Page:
Such high tax rates can slow the growth of carbon offset programs and discourage investment in carbon projects. In Acorn's case, taxes like these would also reduce the financial benefits to our smallholder farmers, who are the main financial beneficiaries of the carbon credits their work generates. "We have an 80% benefit sharing that goes back to smallholder farmers. In cases where there is a heavy tax burden imposed by the government, the revenues of the smallholder farmers would be negatively impacted," Choa Yu emphasizes.

Choa Yu and her team engage with governments to discuss the potential negative downstream effects of high taxes on carbon offset projects. By clearly demonstrating how the projects directly benefit local communities, Acorn hopes to involve governments in a discussion around how incentivizing VCM projects can be more economically favorable than the revenue generated by heavily taxing them.

3. The Need for Clear International Guidance

The third—and perhaps largest—challenge Acorn faces is the lack of clear international guidance and standardized regulations for the VCM. While various independent bodies like the Integrity Council for the Voluntary Carbon Market (ICVCM) and the Voluntary Carbon Markets Integrity Initiative (VCMI) are attempting to establish standards, there is no universally accepted global framework.

"Countries are moving slowly on VCM legislation, but that is further hindered by the fact that the UN has not issued any clear framework. One example is that there’s currently no uniform, globally recognized standard for VCM participation, bringing up issues of integrity and quality for the whole market,” says Choa Yu. This absence of clarity creates an environment where project developers like Acorn must navigate the space with limited direction, complicating efforts to ensure compliance and project integrity.

To address this, Acorn collaborates with local and regional organizations to promote region-wide standardization for carbon market regulations as much as possible. Partnerships between Acorn and entities like the Asian Forest Cooperation organization (AFoCO), The International Emissions Trading Association (IETA), West African Alliance on Carbon Markets and Carbon Finance (WAACMCF), and the Inter-American Institute for Cooperation on Agriculture (IAICA) help create a more cohesive approach to carbon market regulation.

Additionally, Acorn engages with other project developers to share lessons learned and advocate for consistent and fair regulations. “We can't work on a competitive basis when it comes to regulation”, says Choa Yu. “There is room for collaboration when it comes to speaking to the government, so pooling our forces with other VCM project developers has been very useful, hearing their lessons learned when it comes to government relations as well as sharing our own.”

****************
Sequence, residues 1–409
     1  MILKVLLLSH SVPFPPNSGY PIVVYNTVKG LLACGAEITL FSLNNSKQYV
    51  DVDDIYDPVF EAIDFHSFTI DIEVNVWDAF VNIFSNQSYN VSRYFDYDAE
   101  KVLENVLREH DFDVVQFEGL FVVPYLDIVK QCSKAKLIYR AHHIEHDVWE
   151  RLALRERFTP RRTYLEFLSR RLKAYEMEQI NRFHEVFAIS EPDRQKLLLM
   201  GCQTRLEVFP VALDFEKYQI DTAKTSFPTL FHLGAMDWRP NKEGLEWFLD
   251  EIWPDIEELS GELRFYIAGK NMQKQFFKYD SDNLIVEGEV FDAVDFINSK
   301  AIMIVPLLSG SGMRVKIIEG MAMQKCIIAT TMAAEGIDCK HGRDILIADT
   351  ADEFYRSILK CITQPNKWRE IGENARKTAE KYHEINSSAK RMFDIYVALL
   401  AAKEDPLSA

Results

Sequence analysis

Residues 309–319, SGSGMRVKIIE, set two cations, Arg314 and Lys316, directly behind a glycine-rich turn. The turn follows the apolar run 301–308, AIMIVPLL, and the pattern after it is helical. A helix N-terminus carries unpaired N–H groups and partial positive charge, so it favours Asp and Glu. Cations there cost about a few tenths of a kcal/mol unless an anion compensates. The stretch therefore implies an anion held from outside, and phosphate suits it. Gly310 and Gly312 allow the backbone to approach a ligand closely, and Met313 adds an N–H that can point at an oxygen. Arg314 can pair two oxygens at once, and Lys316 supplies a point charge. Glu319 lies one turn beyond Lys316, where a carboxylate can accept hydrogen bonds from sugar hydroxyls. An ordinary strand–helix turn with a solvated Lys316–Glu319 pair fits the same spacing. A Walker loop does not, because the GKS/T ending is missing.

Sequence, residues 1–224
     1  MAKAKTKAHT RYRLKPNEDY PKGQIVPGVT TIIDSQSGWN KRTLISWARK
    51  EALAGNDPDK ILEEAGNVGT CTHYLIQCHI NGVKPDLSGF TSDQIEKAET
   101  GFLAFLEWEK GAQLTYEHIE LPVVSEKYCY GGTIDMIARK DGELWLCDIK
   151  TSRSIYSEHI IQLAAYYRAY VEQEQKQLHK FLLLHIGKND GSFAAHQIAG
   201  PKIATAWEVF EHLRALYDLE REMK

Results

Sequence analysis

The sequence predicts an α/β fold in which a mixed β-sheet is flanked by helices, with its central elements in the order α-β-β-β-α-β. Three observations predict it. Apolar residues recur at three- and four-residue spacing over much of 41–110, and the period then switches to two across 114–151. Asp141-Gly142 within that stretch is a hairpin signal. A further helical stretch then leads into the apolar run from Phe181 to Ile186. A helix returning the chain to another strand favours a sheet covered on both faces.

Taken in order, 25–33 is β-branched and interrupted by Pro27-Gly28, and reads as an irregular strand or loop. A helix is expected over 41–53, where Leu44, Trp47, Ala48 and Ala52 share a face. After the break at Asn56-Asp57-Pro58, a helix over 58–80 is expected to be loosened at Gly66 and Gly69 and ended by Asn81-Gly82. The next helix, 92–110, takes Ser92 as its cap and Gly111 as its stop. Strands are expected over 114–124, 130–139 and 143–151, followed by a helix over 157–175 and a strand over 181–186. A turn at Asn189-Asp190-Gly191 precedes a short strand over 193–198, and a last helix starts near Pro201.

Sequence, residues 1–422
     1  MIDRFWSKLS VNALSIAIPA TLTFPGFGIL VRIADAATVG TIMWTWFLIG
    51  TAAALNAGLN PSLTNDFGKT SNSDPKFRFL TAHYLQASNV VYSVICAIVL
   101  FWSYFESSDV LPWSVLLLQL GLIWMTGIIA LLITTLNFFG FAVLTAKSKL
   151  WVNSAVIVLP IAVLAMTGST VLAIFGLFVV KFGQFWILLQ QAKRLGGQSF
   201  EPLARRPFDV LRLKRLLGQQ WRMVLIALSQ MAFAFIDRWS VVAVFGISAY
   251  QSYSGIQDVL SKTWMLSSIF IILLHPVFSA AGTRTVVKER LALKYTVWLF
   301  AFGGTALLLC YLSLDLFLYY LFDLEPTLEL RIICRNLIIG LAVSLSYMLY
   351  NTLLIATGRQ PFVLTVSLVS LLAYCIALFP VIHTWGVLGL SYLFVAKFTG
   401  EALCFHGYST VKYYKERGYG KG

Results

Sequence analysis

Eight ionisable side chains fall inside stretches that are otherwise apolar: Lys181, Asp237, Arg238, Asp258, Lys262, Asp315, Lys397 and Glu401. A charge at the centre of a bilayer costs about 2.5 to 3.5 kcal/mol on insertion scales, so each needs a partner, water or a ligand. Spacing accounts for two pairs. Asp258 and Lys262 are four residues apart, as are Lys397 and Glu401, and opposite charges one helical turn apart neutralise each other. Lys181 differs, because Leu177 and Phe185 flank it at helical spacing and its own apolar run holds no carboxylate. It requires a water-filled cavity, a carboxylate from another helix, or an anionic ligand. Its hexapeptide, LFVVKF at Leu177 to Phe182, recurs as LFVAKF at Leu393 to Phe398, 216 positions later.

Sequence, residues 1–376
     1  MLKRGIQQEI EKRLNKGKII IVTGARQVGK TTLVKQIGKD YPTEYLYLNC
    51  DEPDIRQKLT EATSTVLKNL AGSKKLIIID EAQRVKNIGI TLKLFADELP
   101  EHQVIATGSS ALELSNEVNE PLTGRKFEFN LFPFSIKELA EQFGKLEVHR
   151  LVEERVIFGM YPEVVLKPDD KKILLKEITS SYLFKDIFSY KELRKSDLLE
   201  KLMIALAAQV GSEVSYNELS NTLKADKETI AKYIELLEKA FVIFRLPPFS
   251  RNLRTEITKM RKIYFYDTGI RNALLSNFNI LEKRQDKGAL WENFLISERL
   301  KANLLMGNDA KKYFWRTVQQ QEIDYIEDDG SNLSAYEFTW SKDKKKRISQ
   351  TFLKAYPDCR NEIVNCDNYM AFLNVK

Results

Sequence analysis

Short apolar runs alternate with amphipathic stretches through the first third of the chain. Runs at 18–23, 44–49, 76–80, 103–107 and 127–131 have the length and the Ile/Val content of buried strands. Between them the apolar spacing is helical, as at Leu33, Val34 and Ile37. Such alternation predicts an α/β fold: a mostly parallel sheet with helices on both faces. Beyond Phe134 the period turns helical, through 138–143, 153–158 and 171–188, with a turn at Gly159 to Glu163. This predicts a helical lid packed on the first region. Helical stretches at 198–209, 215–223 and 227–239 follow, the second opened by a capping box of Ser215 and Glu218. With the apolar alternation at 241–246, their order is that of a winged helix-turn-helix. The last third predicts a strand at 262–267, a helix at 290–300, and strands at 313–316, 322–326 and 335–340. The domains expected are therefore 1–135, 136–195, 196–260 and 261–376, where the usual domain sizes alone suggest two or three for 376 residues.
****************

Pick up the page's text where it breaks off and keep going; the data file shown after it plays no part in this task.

Transforming Challenges into Opportunities for Climate Impact

Acorn's experience of these hurdles in the VCM underscores the complex interplay between carbon markets and government regulation. While these challenges are certainly thorny, proactive engagement with governments, advocacy for fair taxation policies, and collaboration—not only with regional and international bodies but also with our peer organizations—Acorn is helping to shape the future of the VCM. The ultimate goal in addressing these hurdles is to scale up carbon offset projects and contribute effectively to global climate goals. As Choa Yu aptly puts it, "We want carbon policy not for the sake of it, but to reach more smallholder farmers and make a real impact on climate action."

Hanna Choa Yu at the UNFCCC Bonn Climate Conference discussing Paris Agreement Article 6

About Acorn

We help support smallholder farmers in developing countries transition to agroforestry. Together with local partners, we facilitate the funding and training needed by farmers to start their agroforestry transition. Transforming the sequestered CO2 through agroforestry into Carbon Removal Units (CRUs), we offer carbon credits to responsible corporates to help them reach their climate goals. The growth of the trees is measured with satellite imagery, AI and LiDAR, and certified by ICROA-accredited Plan Vivo.

With 80% of the sales revenue going directly to the farmers, it creates an additional income stream and helps them adopt a more climate-resilient way of farming that improves food security, biodiversity, and financial independence.

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Hanna Choa YuHead of Government RelationsLinkedIn